Story: Public history

Government support for public history projects has waxed and waned, but the demand for useful historical information has remained constant. Public history includes books, websites, museum exhibitions, heritage trails, walking tours, Waitangi Tribunal reports and more.

Story by Nancy Swarbrick
Main image: Historic site interpretation, Potters Number Two gold-mining site, Central Otago

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What is public history?

Public history is tricky to define. Public history projects may source information from the public, be for a non-specialist audience, or be produced by teams including people who are not trained historians. Often these projects are funded by public or private institutions.

Most members of PHANZA, the Professional Historians Association of New Zealand/Aotearoa, are public historians.

Government publications, 1900–1970s

The government began supporting history projects from the late 19th century. From 1935 war commemorations and major anniversaries inspired even greater government interest in publishing historical works.

Government-sponsored historical works were published to celebrate the nation’s centennial in 1940. Second World War histories were produced from 1946.

The landmark three-volume work An encyclopaedia of New Zealand appeared in 1966.

Government publications, 1980s–2000

The 1980s, 1990s and early 2000s saw a resurgence of government support for history publishing. The innovative Dictionary of New Zealand biography project began in 1983, involving the public through regional working parties, and aiming for significant representation of Māori and women.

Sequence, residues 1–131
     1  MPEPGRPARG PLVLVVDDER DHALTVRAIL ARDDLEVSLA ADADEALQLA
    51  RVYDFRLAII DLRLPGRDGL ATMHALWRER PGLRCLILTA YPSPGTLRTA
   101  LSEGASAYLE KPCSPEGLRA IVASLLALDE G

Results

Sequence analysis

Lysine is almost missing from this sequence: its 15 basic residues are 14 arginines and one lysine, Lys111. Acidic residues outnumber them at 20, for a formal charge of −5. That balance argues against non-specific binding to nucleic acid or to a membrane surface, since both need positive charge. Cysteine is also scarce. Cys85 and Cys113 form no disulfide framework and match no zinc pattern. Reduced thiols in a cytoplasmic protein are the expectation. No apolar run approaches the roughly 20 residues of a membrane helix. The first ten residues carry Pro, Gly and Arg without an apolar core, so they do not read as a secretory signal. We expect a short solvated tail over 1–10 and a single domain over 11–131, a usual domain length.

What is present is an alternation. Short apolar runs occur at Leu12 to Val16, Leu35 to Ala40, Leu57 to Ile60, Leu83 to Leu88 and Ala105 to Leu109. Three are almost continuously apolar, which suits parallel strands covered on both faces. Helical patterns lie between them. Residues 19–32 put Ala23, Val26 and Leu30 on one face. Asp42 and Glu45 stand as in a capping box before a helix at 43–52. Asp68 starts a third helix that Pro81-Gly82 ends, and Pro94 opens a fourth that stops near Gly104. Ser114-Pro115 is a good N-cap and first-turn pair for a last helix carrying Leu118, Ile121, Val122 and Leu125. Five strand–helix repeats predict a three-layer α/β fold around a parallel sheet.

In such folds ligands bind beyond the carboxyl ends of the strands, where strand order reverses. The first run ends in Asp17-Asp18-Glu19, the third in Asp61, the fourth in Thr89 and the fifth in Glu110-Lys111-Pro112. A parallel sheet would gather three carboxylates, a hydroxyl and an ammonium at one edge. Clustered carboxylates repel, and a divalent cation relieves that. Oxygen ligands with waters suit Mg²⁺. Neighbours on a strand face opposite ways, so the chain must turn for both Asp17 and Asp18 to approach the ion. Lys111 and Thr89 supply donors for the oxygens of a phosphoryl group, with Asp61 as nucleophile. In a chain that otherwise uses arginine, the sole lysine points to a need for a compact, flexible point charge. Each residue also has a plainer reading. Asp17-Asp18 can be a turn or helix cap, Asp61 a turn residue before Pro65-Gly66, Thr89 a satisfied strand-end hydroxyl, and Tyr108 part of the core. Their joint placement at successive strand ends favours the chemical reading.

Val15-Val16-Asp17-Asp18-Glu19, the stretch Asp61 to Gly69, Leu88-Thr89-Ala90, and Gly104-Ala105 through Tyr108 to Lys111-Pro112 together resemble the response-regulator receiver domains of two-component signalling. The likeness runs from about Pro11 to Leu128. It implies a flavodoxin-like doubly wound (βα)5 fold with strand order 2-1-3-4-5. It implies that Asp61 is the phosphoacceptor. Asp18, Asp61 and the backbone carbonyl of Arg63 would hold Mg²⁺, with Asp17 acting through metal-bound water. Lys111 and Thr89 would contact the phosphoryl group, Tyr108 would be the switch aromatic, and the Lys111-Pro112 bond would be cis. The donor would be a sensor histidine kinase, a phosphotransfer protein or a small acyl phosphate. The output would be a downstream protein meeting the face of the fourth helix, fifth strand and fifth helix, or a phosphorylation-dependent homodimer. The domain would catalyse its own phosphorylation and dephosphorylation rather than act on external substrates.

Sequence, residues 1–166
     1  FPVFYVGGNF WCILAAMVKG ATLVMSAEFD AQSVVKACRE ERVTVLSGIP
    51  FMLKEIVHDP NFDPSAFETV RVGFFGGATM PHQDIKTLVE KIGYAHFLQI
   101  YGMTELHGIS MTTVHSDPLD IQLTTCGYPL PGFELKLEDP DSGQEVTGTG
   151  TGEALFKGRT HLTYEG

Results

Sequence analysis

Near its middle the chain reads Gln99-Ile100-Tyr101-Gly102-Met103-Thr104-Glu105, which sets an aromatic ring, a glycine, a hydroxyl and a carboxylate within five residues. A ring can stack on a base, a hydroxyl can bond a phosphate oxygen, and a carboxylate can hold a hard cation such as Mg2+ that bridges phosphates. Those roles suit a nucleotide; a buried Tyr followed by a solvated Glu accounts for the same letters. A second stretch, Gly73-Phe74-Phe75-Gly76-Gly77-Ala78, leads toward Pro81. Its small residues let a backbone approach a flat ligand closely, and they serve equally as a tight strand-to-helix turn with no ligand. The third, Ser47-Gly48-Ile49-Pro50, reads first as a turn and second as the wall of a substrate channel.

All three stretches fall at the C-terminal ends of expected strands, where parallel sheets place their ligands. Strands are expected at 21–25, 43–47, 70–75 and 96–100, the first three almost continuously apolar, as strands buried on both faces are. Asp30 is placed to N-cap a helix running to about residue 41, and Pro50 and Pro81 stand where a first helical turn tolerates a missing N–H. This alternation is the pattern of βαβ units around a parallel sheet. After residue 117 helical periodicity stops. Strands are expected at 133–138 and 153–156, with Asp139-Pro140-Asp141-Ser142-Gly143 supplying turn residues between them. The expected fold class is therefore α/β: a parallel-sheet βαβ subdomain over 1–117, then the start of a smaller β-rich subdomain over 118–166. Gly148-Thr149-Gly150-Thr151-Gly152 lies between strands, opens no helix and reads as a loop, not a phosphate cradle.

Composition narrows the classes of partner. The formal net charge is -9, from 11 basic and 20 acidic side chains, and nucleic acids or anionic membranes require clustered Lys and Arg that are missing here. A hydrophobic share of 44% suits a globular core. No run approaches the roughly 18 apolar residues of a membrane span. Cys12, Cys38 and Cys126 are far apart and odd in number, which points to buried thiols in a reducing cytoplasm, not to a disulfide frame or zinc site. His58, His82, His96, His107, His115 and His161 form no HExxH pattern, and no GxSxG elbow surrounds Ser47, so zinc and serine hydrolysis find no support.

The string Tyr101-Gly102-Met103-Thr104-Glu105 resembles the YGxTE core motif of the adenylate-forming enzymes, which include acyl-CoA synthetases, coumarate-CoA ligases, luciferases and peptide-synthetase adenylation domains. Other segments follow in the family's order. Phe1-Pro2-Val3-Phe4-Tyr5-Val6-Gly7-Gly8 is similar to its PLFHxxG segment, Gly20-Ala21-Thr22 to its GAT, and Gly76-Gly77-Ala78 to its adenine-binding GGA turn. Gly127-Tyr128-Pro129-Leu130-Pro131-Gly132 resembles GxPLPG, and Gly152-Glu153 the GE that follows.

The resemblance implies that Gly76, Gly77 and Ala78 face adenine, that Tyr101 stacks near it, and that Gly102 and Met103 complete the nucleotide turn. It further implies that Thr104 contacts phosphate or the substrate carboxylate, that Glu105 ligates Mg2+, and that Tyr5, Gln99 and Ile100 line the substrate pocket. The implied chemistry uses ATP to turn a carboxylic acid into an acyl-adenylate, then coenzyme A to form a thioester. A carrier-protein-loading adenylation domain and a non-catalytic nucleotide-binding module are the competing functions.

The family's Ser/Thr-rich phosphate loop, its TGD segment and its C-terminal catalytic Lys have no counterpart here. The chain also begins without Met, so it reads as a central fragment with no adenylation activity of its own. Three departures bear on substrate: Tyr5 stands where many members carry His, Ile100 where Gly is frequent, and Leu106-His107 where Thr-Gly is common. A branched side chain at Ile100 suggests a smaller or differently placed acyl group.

After seven years of work, the New Zealand historical atlas was published in 1997, breaking new ground in its spatial representation of history.

From 2005 Te Ara – the Encyclopedia of New Zealand exploited the possibilities of the internet to become the world’s first digital-born national encyclopedia.

Historic places and objects

At first unpaid historians did most of the work identifying and classifying historic sites and objects. For example, members of Historic Places Trust regional committees researched sites, and in museums volunteers often cared for history collections.

Museums employed trained historians from the late 1960s. From the 1970s a series of law changes required historic sites to be better identified and protected, and this led to the employment of more professional historians by government departments, local bodies and the Historic Places Trust (now Heritage New Zealand).

Treaty of Waitangi history

In 1984 The Waitangi Tribunal was granted the power to hear claims dating from 1840. It employed historians both as permanent staff and contractors, while freelance historians worked directly for claimant groups. Historians employed by the Office of Treaty settlements, Crown Forestry Rental Trust and the Crown Law Office also did claims research.

Some have said that because of work carried out in New Zealand for treaty claims, no other country boasts such a comprehensive body of research into its colonial history.

How to cite this page:

Nancy Swarbrick, 'Public history', Te Ara - the Encyclopedia of New Zealand, (accessed 16 April 2024)

Story by Nancy Swarbrick, published 22 October 2014